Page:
When Erin was working on her personal narrative, she started by making a various timelines of how her story could go. Eventually she settled on this one:
- Packing up the car
- Arriving at the lake
- The dock
Once she had her timeline, she just typed right into it, stretching each part out with lots of detail (dialogue, actions, thinking, and images).
This is the same process that lots of students can benefit from when planning a story, then drafting.
Packing up the Car
It was going to be a glorious day at the lake. The sun was shining and cotton clouds dabbed the sky as we finished loading the car. Upon helping to pack the sand toys into the trunk, Erli spotted her Ariel the Little Mermaid swimming vest. “Mami, I’m bringing my swimming vest?! I’m going to swim in the deep water!”
I smiled. This has been a summer of independence and dare-devil stunts. Erli is an aerial artist on her rope swing, flips herself upside down on rings, climbs trees, and scales rock-climbing walls. Her declaration did not surprise me. “You know,” I mentioned nonchalantly, Silver Lake has a diving dock so you can jump into the deep water.”
“Really?! Oh, I’m going to jump off the dock, because I’m a big girl.”
It was true, at four and a half years old, my daughter has grown fiercely independent, mature, and a bit head-strong and defiant. The dock was all she talked about on our drive to pick up Auntie Heather. It was all she must have thought about as soon as we arrived in the parking lot.
Arriving At the Lake
We unpacked, and Erli was more helpful than even usual, offering to carry more than possible for her tall athletic frame, so that the adults wouldn’t have to make two trips to the car. “You’re in quite a hurry,” my sister commented.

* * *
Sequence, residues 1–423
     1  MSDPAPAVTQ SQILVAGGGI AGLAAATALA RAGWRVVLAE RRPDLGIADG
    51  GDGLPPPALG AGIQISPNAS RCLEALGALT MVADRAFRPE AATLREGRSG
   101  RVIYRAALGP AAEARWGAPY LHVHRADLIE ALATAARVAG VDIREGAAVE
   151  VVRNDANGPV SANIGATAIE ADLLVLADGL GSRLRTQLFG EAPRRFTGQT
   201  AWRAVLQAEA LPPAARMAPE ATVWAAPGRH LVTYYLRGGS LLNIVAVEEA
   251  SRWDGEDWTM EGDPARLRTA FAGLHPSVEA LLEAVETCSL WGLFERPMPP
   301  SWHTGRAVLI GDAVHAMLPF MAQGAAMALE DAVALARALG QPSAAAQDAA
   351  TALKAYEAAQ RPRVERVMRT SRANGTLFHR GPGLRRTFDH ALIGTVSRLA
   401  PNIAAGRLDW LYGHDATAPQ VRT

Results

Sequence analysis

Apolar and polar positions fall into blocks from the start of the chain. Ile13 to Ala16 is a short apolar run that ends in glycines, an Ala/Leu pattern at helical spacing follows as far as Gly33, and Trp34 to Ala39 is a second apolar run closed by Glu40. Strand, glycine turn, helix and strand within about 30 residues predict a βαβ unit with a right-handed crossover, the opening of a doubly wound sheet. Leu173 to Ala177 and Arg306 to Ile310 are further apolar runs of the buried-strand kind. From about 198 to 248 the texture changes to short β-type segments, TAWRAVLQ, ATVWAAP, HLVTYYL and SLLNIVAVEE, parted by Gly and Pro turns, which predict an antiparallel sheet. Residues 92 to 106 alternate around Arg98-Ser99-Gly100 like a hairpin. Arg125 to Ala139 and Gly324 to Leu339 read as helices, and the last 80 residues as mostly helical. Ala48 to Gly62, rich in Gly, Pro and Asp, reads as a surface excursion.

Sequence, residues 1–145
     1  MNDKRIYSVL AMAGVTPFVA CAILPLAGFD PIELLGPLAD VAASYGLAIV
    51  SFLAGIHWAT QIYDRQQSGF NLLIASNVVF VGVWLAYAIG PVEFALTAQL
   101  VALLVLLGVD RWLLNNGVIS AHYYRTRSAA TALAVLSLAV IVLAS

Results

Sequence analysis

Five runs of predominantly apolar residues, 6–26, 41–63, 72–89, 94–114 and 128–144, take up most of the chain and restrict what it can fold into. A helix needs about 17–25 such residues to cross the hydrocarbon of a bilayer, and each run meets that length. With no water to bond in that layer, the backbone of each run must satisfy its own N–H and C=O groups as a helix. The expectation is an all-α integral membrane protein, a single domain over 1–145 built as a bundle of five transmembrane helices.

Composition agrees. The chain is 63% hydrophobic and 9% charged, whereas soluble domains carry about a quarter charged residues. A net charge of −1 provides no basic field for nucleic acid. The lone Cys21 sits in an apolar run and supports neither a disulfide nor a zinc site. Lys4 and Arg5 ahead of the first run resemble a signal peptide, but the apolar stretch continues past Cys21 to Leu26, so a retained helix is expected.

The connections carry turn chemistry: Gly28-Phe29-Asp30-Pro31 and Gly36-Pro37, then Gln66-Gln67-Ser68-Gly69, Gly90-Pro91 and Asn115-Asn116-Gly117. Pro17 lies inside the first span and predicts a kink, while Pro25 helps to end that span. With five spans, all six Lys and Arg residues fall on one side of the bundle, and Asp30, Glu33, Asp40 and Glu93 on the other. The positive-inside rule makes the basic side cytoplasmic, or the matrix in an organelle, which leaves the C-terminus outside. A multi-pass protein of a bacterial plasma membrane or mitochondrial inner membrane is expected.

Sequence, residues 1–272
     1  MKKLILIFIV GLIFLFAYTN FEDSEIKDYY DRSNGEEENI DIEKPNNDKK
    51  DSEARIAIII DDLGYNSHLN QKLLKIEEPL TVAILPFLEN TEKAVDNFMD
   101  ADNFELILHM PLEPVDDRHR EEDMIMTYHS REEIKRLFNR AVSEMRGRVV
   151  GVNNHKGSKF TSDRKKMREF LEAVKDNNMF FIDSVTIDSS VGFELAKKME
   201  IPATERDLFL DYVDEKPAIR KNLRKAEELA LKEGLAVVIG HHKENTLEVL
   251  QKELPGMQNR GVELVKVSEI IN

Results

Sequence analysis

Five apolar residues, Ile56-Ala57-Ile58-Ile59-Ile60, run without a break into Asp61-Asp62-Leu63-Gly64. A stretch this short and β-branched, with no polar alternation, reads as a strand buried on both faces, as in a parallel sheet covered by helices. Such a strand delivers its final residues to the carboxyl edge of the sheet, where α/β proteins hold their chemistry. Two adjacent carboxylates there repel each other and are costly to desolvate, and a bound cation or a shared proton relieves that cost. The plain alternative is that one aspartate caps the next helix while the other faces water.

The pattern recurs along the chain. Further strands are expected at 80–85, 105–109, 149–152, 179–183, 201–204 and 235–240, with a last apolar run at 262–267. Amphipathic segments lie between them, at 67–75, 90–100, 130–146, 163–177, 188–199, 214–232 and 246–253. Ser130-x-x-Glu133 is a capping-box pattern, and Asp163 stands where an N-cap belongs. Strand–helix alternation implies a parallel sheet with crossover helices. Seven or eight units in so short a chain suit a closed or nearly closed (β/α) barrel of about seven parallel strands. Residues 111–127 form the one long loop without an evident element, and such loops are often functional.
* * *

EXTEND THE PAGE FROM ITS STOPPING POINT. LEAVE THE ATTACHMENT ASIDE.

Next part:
“Come ON,” Erli whined. “I want to jump in the deep end.”
As soon as the last towel was laid out, Erli grabbed my hand and pulled in the direction of the dock. “Grab my camera,” I called out over my shoulder. Erli had already buckled her vest, and a determined spark lit up her dark brown eyes.
My fearless diva stood at the edge with me, watching the big kids dive and plunge beneath the dark waters.
She was smiling, but her eyes looked a little uncertain. “Mami will you catch me?” she asked in her most precious princess voice, sincerity tugging at my heart.
I had hoped for a big independent leap I’d be able to capture forever with a quick click, a small vested body in mid air, then applaud furiously from the dock, dry. But amid all her summer boasts for Mami to “Come look!” “Mami, watch THIS” I was still needed, as a mommy not an audience. “Mami, will you catch me?” My daughter was willing to leap out into the unknown like the big kids, as long as I was there to catch her. I can barely carry Erli anymore; she’s so tall and heavy. I felt like I’d blinked and all of a sudden my tiny Snuggle Butt was an adventurous girl standing on the dock beside me.
Half blind from taking my glasses off (I haven’t worn contacts in about two years), I ran and dove in, a nostalgic surge of summers past coursing through my veins. I held out my arms and tried to coax her in. Erli was nervous, her bravado fading as she inched closer and closer to the edge. Despite my outstretched arms, she hesitated. Finally, she sat and scooted her butt so that she sat on the edge above me, her feet dangling. We counted one last time, “1,2,3!” and Erli fell into my arms and bobbed under the water. She popped back up, surprised and scared, until she realized her vest allowed her to float.
Soon my little mermaid was kicking and splashing alongside me, proud and beaming, and I had all the photos of the sequence, thanks to Auntie Heather’s quick shooting. There’s a great one of Erli standing on the dock after she’s come up the ladder: one hand confidently grasping the rail, a dancer’s toe pointed out, her hip thrown to one side, gazing out at the lake with this pose of triumph. I don’t know if next time she’ll look out and jump with abandon, all on her own. I do know that she still needed me that day, and I’ll always be here to catch her.